For the Atlantic, Howard French writes that the Jasmine Revolution in China, despite recent media reports to the contrary, has been a great success:
To be clear, the argument here is not that China is flirting with a revolutionary moment. But this does not mean that this is not an unusually important moment, and a deeply revealing one as well.
At the simplest level, it is hard to understand how a call to protest can be declared a failure if it virtually causes a nation’s entire security apparatus to come out in force and to take extraordinary measures of one kind after another, as has happened in China.
Ever the great builder of walls, China responded to last week’s call for protesters to gather at a McDonalds in central Beijing by erecting barriers around the fast food establishment and deploying sanitation workers to hose down the streets to shoo people away. Watching over the scene were large numbers of policemen, both uniformed and plain-clothed, who didn’t hesitate to use muscle to bundle away suspected foreign correspondents, many of whom were then subjected to interrogations on camera.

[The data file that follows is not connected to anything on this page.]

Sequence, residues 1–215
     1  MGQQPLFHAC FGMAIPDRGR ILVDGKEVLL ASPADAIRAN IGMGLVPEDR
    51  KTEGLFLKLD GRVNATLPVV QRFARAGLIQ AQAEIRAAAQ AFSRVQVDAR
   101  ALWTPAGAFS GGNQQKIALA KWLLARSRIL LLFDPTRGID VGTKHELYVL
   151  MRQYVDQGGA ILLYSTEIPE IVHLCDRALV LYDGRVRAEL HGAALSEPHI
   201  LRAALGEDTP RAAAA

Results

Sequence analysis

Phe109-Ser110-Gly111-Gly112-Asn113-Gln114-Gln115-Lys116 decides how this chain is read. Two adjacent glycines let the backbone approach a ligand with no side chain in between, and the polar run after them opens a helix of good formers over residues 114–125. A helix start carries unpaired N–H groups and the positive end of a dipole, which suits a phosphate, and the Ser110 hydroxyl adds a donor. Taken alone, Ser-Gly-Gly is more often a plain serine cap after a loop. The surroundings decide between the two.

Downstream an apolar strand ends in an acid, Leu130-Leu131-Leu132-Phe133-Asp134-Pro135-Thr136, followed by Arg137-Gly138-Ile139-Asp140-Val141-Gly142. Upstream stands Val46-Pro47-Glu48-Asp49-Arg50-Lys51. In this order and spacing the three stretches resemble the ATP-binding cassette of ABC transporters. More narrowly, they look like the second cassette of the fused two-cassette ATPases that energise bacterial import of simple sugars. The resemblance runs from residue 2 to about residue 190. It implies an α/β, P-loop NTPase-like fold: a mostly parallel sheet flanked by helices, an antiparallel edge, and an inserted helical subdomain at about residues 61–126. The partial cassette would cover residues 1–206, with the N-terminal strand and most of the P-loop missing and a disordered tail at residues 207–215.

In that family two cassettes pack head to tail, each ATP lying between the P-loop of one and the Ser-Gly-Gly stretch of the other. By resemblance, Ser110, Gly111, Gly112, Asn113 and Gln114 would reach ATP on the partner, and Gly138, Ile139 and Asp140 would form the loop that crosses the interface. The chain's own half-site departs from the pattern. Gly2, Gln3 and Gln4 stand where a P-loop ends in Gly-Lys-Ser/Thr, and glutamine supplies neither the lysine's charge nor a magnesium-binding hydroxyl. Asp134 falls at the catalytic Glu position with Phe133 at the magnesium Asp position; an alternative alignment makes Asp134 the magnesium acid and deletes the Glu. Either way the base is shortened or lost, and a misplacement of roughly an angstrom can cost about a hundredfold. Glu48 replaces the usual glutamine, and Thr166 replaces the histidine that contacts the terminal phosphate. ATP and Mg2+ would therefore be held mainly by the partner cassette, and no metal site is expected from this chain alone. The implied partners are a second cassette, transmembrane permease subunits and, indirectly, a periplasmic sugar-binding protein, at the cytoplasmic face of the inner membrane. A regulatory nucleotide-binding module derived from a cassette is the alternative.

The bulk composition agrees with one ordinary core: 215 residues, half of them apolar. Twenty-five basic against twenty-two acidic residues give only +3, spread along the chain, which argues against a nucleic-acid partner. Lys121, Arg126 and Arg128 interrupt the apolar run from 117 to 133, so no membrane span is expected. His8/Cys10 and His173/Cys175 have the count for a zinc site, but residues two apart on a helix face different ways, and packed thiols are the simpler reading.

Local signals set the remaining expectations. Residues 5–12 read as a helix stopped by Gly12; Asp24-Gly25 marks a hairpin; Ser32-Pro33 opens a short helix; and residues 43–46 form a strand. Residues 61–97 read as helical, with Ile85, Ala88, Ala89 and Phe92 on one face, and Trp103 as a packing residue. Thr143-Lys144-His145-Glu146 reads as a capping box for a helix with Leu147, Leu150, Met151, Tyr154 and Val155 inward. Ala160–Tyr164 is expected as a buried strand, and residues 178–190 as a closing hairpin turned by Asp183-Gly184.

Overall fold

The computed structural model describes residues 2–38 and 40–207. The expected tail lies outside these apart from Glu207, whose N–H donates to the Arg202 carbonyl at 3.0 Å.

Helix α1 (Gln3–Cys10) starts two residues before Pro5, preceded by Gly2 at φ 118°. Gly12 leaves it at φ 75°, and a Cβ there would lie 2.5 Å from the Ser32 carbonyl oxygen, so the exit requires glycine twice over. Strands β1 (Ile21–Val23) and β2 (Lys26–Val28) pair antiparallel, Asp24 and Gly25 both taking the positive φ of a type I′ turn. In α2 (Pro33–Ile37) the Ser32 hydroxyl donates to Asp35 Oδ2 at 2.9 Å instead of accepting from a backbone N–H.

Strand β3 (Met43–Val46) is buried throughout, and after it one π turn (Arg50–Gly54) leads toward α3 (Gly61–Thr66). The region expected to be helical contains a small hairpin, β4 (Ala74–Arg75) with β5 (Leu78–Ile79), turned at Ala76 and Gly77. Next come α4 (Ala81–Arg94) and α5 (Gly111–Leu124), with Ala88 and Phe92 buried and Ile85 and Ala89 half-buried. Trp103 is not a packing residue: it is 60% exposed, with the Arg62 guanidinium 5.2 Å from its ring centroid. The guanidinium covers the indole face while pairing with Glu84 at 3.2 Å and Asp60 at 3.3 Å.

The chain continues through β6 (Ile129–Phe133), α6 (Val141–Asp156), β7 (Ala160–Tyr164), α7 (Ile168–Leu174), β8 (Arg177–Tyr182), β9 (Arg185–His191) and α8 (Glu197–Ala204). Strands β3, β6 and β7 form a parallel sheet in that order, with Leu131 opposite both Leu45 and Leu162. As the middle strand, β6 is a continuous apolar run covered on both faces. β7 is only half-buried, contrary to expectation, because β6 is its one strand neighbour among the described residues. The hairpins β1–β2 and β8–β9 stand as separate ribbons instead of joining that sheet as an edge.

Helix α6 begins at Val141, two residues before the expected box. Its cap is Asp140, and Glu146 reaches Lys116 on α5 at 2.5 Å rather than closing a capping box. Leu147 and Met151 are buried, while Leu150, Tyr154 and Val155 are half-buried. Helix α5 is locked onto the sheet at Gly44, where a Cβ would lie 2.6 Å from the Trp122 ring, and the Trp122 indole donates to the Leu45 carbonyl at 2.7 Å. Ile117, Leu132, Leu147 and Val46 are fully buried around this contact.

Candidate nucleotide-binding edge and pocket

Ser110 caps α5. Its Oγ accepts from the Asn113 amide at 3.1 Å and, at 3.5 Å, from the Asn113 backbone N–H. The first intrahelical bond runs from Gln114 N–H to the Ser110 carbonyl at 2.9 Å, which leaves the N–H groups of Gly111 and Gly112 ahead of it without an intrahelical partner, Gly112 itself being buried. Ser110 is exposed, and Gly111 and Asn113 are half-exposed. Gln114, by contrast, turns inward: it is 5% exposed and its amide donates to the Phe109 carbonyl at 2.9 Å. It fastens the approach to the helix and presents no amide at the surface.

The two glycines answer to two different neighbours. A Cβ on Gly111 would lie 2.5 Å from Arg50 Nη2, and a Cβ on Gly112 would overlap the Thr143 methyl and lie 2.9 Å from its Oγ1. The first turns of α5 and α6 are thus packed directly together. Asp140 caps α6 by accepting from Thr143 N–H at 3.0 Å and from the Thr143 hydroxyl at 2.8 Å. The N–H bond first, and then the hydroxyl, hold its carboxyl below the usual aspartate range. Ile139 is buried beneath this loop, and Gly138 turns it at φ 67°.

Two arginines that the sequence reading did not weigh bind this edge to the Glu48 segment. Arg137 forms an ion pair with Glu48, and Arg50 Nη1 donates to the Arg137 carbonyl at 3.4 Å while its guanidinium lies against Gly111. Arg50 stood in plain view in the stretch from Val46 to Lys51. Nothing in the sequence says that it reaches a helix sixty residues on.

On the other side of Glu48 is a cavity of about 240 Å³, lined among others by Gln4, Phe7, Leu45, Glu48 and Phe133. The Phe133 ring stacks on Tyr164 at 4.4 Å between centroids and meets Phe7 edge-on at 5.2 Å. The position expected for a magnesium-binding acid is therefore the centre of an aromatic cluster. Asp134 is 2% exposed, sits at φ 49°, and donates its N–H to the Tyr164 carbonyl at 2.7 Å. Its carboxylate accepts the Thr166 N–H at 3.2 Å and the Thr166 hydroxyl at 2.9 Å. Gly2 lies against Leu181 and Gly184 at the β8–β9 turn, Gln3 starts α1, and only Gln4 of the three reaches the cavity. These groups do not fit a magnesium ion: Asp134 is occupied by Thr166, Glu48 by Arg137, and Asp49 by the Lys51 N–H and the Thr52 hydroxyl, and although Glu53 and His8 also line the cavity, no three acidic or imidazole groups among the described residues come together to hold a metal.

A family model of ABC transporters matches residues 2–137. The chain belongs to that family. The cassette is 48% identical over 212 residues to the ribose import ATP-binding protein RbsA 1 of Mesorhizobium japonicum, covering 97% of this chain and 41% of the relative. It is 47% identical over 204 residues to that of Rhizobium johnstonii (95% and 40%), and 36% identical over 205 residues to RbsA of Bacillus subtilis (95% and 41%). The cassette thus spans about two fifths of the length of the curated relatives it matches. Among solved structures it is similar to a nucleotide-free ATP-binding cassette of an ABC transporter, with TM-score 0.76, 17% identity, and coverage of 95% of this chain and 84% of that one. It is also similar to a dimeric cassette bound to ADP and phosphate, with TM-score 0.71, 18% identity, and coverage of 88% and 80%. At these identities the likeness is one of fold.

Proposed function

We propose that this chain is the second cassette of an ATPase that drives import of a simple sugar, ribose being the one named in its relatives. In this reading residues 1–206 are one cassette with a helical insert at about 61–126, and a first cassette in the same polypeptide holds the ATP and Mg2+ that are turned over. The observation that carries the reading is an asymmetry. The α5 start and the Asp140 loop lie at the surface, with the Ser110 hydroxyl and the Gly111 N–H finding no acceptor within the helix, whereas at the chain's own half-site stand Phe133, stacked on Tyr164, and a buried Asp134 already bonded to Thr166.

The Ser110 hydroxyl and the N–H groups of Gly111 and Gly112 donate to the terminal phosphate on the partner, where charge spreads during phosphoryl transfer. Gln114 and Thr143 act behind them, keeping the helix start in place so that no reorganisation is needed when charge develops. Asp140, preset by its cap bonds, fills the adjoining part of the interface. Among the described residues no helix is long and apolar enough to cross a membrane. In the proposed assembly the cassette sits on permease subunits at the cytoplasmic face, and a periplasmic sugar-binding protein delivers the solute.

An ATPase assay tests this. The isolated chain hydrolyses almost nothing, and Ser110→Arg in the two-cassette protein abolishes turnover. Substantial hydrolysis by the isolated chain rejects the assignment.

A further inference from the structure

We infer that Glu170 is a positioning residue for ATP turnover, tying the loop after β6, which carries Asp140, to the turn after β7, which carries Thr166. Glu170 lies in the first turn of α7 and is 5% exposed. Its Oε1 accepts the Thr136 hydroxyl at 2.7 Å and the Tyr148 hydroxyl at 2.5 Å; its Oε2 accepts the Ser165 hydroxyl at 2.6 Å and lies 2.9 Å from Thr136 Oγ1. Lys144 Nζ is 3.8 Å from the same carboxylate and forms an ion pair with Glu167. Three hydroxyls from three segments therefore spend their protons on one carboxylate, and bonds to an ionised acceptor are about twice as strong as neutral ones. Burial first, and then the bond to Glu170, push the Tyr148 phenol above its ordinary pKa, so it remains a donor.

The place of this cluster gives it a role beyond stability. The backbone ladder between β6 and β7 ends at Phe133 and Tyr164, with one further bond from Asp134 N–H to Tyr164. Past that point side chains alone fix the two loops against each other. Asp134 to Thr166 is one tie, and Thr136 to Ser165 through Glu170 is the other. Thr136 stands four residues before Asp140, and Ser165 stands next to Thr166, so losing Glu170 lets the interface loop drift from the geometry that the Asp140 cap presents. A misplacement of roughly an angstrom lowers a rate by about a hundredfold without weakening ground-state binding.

[…] On reflection, this might be a good time to take the Chinese authorities at face value. By their actions, they have all but declared this Jasmine moment to be of tremendous importance. By the same token, this is a good time to reconsider the hasty verdict of failure that many attached to this phantom movement.
A baseline objective of peaceful protesters everywhere is to call out their oppressors, to cause them to show their true colors, and to induce overreaction. By these standards at very little cost, whoever is behind the calls for Chinese to “stroll” in designated areas in cities around the country every weekend in silent protest has registered a rousing asymmetric success.